The qualified rate is the lowest rate a merchant can pay for any transaction. To "qualify" for this rate the merchant must meet a set of criteria. The criteria will vary by style of account and type of business. For retail businesses, typically the merchant must swipe the credit card through their credit card terminal or POS system and answer all terminal prompts. For an Internet merchant this may mean capturing and verifying AVS and CVV. If a merchant fails to qualify their transaction they may pay a higher rate (see the section titled "Surcharges" below for more information).
The qualified rate is the fee most likely to be charged to the merchant and thus is the rate advertised by merchant account providers. Once again, this isn't the only rate you may pay. It is just the most common.
Here's an example of a qualified rate being applied to a transaction:
Transaction dollar amount: $35.00 Qualified rate: 1.69% + 25¢
(First calculate the percentage) 35 x 1.69% = 59¢
(Then add the transaction fee) 59¢ + 25¢ = 84¢
In the above example a merchant with a ticket of $35 would and qualified rate of 1.69% + 25¢ would pay 84¢ for that transaction. But what if their sale was for $65? Let's see:
Transaction dollar amount: $65.00 Qualified rate: 1.69% + 25¢
(First calculate the percentage) 35 x 1.69% = $1.10
(Then add the transaction fee) $1.10 + 25¢ = $1.35
As you can see the cost for that transaction is larger then the transaction for only $35. This is due to the percentage rate (1.69%). As the transaction grows larger so does the amount of that transaction dedicated to their qualified rate. If their transaction was smaller then $35 their overall costs would be smaller as well.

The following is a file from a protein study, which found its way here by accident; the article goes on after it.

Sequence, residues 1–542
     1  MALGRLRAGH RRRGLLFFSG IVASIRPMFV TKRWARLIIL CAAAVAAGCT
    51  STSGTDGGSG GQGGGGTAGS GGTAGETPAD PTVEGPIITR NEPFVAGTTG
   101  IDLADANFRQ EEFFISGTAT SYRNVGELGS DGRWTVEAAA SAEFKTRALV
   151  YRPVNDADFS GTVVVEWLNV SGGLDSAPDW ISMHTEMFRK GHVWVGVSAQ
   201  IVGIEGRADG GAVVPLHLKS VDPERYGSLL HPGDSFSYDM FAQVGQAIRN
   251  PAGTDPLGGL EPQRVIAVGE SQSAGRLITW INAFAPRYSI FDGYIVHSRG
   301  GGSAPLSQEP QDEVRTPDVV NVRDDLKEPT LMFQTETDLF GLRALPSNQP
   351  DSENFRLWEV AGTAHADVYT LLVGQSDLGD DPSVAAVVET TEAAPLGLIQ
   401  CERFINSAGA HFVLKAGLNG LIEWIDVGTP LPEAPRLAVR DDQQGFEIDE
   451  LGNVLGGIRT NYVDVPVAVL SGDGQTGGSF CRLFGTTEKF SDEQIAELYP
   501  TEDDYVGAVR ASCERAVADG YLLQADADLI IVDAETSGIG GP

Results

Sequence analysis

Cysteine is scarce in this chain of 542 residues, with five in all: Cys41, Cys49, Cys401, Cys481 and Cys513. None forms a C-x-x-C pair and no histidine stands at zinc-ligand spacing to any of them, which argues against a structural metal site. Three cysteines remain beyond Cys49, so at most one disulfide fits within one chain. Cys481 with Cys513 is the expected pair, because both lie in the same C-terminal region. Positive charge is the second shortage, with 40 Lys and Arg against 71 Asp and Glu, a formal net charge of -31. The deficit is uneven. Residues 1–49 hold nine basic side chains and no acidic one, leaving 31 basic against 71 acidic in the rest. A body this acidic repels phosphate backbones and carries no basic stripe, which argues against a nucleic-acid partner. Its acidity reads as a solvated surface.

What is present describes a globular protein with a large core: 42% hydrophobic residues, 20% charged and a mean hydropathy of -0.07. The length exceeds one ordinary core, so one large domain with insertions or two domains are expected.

To see how rates and fees are calculated for any average ticket price be sure to check out our Basic Fee Calulator or Advanced Fee Calulator. They allow you to determine your costs based on your rates and average ticket price.
To compare the offers of multiple merchant account providers be sure to use our Basic Rate Comparison Calculator or Advanced Rate Comparison Calculator. These tools will tell you how much each account will cost you over the course of an entire year.
A transaction fee is a flat fee charged each time a successful transaction is processed. This mean the transaction fee is not charged if a transaction is declined. Only an approved transaction will incur this fee. In the above examples the transaction fee was 25¢
An authorization fee is very similar to a transaction fee except this fee is charged with every transaction regardless of the results of the transaction. This includes declined transactions. Essentially each time your credit card terminal, POS software, or payment gateway communicates with your processing bank this fee is charged.